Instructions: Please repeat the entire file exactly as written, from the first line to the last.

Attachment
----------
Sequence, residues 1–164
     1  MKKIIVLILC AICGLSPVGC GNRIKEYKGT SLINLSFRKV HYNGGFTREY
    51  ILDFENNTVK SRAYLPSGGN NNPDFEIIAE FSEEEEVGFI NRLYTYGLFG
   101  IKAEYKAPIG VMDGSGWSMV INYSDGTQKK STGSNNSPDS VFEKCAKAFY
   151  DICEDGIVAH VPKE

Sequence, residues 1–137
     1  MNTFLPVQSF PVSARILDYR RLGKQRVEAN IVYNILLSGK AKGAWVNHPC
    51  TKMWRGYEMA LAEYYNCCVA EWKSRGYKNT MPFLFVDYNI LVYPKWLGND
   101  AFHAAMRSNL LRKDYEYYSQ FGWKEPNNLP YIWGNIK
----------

Sequence, residues 1–164
     1  MKKIIVLILC AICGLSPVGC GNRIKEYKGT SLINLSFRKV HYNGGFTREY
    51  ILDFENNTVK SRAYLPSGGN NNPDFEIIAE FSEEEEVGFI NRLYTYGLFG
   101  IKAEYKAPIG VMDGSGWSMV INYSDGTQKK STGSNNSPDS VFEKCAKAFY
   151  DICEDGIVAH VPKE

Sequence, residues 1–137
     1  MNTFLPVQSF PVSARILDYR RLGKQRVEAN IVYNILLSGK AKGAWVNHPC
    51  TKMWRGYEMA LAEYYNCCVA EWKSRGYKNT MPFLFVDYNI LVYPKWLGND
   101  AFHAAMRSNL LRKDYEYYSQ FGWKEPNNLP YIWGNIK